I was recently approached for my views on charter boat flagging and foreign vs. domestic choice of flag for charter boats. The registration and flag that any charter boat adopts is usually a function of three factors: cost incl. taxes, safety regulations and restrictions, if any, in the location where the yacht will be primarily chartering. Yes, there is an annual registration fee for charter-yachts and most boats tend to avoid registering in the United States because of the high cost and because the boat will now be subject to USCG standards which are expensive to maintain. This is not to say that they are the best regulations and many countries have more stringent regulations than we do but also many countries have fewer and less complicated regulations - like almost none. Fashionable places where large charter-yachts tend to register these days include the Cayman Islands (because many of the larger yachts are actually owned by Cayman Island Corporations, the British Virgin Islands and St. Vincent.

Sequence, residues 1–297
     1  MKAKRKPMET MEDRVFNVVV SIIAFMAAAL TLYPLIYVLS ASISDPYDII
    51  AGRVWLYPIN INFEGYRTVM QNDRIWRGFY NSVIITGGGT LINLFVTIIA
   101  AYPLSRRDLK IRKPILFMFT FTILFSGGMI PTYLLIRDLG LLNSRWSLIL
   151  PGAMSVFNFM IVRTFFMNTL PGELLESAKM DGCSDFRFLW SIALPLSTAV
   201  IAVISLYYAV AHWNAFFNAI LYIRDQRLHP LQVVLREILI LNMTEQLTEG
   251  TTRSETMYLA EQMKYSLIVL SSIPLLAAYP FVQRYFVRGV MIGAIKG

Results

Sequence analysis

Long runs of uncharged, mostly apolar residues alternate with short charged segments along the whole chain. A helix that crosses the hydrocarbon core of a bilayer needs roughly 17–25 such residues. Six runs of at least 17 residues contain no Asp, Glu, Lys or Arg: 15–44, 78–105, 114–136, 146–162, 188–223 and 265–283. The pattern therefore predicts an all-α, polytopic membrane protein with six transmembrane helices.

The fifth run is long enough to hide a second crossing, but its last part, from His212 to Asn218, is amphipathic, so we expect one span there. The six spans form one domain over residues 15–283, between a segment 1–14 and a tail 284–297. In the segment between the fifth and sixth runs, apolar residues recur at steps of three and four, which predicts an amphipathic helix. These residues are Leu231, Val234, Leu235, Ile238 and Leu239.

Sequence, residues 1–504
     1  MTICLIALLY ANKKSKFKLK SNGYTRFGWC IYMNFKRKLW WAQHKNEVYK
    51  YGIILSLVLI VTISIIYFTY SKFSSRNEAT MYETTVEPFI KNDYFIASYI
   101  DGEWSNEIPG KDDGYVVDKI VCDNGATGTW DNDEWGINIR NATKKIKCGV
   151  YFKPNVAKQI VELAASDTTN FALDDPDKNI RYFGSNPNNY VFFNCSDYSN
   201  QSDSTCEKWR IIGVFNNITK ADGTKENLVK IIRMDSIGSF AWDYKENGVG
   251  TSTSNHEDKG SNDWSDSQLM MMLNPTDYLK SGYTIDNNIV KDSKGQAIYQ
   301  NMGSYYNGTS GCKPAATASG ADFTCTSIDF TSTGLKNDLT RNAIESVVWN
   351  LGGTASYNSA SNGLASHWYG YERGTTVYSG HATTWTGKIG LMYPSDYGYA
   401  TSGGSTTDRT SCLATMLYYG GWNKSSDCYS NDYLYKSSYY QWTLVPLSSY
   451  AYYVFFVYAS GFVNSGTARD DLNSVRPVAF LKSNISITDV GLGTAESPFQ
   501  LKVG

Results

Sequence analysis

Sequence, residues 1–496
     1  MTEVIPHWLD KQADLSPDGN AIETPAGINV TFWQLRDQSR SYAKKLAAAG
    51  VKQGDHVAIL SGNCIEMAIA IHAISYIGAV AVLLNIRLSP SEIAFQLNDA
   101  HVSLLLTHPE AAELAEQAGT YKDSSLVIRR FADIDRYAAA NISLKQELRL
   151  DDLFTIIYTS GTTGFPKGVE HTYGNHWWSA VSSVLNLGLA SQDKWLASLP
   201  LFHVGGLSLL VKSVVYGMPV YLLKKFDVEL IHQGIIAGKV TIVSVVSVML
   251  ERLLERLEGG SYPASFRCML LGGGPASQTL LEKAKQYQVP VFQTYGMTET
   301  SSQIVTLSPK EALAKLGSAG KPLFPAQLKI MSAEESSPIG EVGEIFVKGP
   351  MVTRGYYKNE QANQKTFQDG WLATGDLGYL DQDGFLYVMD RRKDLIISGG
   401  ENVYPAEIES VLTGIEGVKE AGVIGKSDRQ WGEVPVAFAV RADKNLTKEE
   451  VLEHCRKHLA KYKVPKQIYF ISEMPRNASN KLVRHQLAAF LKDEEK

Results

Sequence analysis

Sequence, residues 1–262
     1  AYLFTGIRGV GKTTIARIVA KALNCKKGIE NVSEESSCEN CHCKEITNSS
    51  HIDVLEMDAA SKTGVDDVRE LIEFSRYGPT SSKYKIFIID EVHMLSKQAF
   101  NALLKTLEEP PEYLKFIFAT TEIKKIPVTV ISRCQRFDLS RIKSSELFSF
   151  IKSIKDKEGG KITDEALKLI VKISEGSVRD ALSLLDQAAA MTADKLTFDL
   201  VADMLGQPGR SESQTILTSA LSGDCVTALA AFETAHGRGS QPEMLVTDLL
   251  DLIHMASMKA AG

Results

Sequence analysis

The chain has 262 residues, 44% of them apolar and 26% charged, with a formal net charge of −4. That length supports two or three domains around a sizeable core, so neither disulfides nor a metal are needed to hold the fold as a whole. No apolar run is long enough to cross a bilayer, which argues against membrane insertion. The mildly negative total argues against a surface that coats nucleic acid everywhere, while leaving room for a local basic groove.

In order to improve passenger safety, there is a movement under way to establish a uniform standard of safety regulations that port officials in different countries can use to apply to visiting charter-yachts regardless of the flag that they fly. This is encouraging and should be supported. The European SOLAS standards are most likely to apply for this project.
Some further thoughts on US flagged vessels: All vessels that charter in US waters especially those US Built and registered in the US, are subject to the Jones Act of 1916. I don't want to get into the complexities of the Jones Act - suffice to say that it was put in place to protect US shipping interests in the age of the robber barons. In today's world the Jones Act does much to discourage boat owners from registering their vessels in this country and also drives non-US flagged vessels to preferentially pick-up passengers outside the US, say in the Bahamas, or the BVI.
Homeland seurity has been doggedly adding additional restrictions and pre-advise for customs arrivals and movment of paying passengers; all of this is good however what is really needed is a total revision or a "start-from-scratch" project to replace the Jones Act. Don't hold your breath.